ETP CEO responds to oil pipeline issues
Energy Transfer Partners Chairman and CEO Kelcy Warren recently issued a memorandum to ETP employees and news media outlets where he discussed recent developments and the progress being made on the 1,172 mile, 30-inch diameter Dakota Access Pipeline from the Bakken/Three Forks crude oil production regions of North Dakota to a petroleum transshipment hub at Patoka, Ill.
"Recent events in North Dakota and Washington, DC have brought the project to the forefront of national media attention," said Warren. "I recognize that many of you are receiving questions about our work and I want to be the first to share with you our commitment to the project, what we know, and where I am focused."
Warren underscored the safety of the pipeline project when he said, "As one of the largest U.S. infrastructure companies, our experience in designing, constructing, and operating natural gas, crude oil, and refined products pipelines is extensive. We have designed the state-of-the-art Dakota Access pipeline as a safer and more efficient method of transporting crude oil than the alternatives being used today, namely rail and truck."
As far as current progress on the $3.8 billion project, Warren said, "Today the 1,172 mile project is nearly 60 percent complete, employs more than 8,000 highly trained skilled labor workers who are safely constructing it, and we have spent just over $1.6 billion on equipment, materials and the workforce to date. Once operational, the project will safely move American oil to American markets. It will reduce our dependence on oil from unstable regions of the world and drive down the cost of petroleum products for American industry and consumers."
On Friday Sept. 9, 2016, a federal judge reaffirmed the U.S. Army Corps of Engineers' previous decision to permit construction of the Dakota Access Pipeline.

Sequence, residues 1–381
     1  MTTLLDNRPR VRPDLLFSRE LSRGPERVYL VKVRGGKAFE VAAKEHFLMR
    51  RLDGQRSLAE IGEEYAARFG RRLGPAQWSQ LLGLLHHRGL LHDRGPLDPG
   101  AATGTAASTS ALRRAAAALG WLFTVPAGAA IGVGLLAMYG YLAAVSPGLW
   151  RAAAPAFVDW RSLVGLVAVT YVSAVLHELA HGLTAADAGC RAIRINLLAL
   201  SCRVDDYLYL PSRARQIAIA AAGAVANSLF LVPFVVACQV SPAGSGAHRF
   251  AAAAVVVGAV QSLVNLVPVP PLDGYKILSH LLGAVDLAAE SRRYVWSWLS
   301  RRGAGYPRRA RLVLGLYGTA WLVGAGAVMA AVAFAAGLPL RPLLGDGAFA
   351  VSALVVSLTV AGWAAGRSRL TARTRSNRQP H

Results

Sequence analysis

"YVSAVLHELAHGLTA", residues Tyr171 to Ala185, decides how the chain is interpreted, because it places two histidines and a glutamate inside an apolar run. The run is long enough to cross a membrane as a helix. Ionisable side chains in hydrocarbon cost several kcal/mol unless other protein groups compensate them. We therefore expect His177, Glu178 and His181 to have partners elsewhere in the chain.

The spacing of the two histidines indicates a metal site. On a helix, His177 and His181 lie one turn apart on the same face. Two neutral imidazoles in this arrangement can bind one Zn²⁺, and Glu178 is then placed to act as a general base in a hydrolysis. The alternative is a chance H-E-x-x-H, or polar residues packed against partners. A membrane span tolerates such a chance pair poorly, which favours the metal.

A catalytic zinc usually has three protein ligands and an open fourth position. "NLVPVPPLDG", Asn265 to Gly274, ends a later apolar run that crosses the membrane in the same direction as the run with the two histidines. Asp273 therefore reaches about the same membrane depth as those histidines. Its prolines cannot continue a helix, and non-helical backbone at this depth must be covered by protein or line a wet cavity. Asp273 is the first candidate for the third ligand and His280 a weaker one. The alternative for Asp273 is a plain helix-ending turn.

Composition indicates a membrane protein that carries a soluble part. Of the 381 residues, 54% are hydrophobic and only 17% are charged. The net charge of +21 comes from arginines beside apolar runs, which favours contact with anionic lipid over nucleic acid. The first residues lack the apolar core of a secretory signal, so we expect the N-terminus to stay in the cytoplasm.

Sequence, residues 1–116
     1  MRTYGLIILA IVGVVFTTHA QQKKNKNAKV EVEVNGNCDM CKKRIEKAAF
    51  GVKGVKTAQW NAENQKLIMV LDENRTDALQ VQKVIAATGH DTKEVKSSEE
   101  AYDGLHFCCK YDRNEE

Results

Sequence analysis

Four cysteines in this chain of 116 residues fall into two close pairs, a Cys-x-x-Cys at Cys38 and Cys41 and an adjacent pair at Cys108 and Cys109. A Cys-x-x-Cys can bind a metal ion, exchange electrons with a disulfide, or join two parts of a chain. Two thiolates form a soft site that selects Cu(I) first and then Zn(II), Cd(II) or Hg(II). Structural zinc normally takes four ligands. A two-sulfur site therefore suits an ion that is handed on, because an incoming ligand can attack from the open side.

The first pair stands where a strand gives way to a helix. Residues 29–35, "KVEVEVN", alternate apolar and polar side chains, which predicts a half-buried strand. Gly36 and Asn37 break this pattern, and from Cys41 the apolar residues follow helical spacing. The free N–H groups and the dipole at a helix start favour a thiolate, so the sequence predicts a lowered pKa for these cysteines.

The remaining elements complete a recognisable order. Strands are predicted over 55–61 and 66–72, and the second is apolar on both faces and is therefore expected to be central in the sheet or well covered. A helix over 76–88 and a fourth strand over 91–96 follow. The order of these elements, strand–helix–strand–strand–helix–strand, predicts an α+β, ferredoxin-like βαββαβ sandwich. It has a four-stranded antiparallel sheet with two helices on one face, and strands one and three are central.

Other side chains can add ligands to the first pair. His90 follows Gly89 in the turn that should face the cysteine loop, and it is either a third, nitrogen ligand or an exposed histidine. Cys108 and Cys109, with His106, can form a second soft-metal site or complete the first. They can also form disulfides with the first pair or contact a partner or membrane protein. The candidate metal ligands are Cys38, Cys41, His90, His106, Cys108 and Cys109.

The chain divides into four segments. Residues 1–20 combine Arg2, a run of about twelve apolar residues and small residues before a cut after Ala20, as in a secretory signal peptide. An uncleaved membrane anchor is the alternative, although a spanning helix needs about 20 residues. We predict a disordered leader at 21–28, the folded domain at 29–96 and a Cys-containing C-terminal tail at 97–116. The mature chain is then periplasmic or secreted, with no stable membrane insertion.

"Despite the judge's ruling that the project is in compliance with U.S. rules and regulations, the Department of Justice, Department of the Army and Department of Interior later announced that the U.S. Army Corps of Engineers is determining whether it will need to reconsider any of its previous decisions and called on the company to voluntarily halt construction. We intend to meet with officials in Washington to understand their position and reiterate our commitment to bring the Dakota Access Pipeline into operation."
While expressing concern regarding incorrect information that's been published in newspapers and broadcast in TV news reports, Warren said, "Our corporate mindset has long been to keep our head down and do our work. It has not been my preference to engage in a media/PR battle. However, misinformation has dominated the news, so we will work to communicate with the government and media more clearly in the days to come."
Warren then moved on to discuss the progress being made on the project. Warren said the right of way for the entire pipeline has been obtained. All four states the pipeline traverses - North Dakota, South Dakota, Illinois, and Iowa - have issued favorable certificates, permits and approvals for construction.
Nearly the entire Dakota Access pipeline route is across private land. Related to the protests in North Dakota with a Sioux Indian tribe, Warren asserted that neither the land abutting nor Lake Oahe itself is subject to Native American control or ownership.
Warren noted that multiple archaeological studies conducted with state historic preservation offices found no sacred items along the route. State archeologists issued a 'no significant sites affected' determination in February on the North Dakota segment of the pipeline.
Concerns about the pipeline's impact on the local water supply are unfounded, said Warren. To illustrate why, Warren noted, "Multiple pipelines, railways, and highways already cross the Missouri River today, carrying hundreds of thousands of barrels of oil.